Public pension members and stakeholders should be aware that alternative assets, like hedge funds and private equity fund limited partnerships, can be effective investment tools, but can also be are very expensive. Pension funds compensate these limited partners based on the “two and 20” model where the limited partner is paid two percent of all assets being managed plus 20 percent of anything above expectations, usually equating to tens of millions of dollars being transferred from the public pension fund directly to private fund managers each year with little excess value to offer over the common, low-risk index fund.
Pension plan members and taxpayers should also know that the investment returns reported by these partners are calculated periodically throughout the life of the partnership, but the asset ultimately does not have an official return until it is liquidated at the end of the partnership, making the process of truly evaluating investment managers’ performance nearly impossible. This means that public pension plan managers will have a very difficult time determining if compensation associated with these investments is above or below their actual value.
As a result, pension fund managers in places like New Mexico began experimenting with a new compensation scheme based on the value generated by limited partners in excess of passive index funds, but limited partners willing to accept such compensation are hard to come by.
These issues have had a direct impact on retirees, especially the last few years. The reality is when public pension investments don’t perform as expected, more often than not, the difference is made up by taxpayers making increased contribution increases into the systems. And with inflation currently a growing concern, retirees are sure to voice concerns about higher prices and inflation shaving valuable dollars from their pension checks each month. Even career-long members of pension systems that enjoyed full funding for decades have not escaped the shifting global investment markets. So, what policies can realistically address the issues posed by alternative investments in public pension plans?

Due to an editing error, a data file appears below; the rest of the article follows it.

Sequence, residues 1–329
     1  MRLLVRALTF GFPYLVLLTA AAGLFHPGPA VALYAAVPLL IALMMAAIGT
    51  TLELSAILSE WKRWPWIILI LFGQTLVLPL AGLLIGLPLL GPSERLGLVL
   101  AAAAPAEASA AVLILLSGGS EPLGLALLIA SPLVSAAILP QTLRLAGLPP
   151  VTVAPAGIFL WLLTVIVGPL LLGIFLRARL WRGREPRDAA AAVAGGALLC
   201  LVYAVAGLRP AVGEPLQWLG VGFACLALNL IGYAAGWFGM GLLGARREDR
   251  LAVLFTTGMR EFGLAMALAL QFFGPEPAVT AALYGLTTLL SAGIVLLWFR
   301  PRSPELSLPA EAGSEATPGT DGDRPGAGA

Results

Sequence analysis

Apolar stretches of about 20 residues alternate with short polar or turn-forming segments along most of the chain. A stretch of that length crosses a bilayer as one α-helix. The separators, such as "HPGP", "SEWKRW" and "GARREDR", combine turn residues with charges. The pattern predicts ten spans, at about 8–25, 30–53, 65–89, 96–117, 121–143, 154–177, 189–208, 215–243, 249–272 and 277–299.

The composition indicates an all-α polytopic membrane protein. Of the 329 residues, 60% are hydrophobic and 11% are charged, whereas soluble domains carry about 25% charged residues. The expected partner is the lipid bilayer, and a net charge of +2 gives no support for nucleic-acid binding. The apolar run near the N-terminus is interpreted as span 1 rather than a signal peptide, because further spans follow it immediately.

Policymakers need to address the underlying factors that put public pension plans in this difficult situation. Lawmakers have an opportunity to adjust their pension systems’ investment return expectations downward to set more realistic investment return expectations, which would help unearth the long-term benefit costs hiding in overly optimistic return rate assumptions.
Stakeholders and policymakers should understand that public pension system managers’ increased reliance on alternative investments is a mostly rational choice that is made because they are reacting to lower long-term market yields and employee contributions that have not kept up with actuarial needs. Many public pension systems looking to increase investment returns through making more investments in riskier, high-fee alternative assets are doing exactly what legislators set them up to do by failing to properly fund the pension systems.
If policymakers can understand why plan managers are taking this route with alternative assets, they can effectively address the underlying causes. Pension systems should ensure employee and employer contributions are at the proper levels and their investment return rate assumptions reflect the realistic long-term market and economic conditions. Doing so would better protect taxpayers and public retirement funds against a potentially volatile and unpredictable future.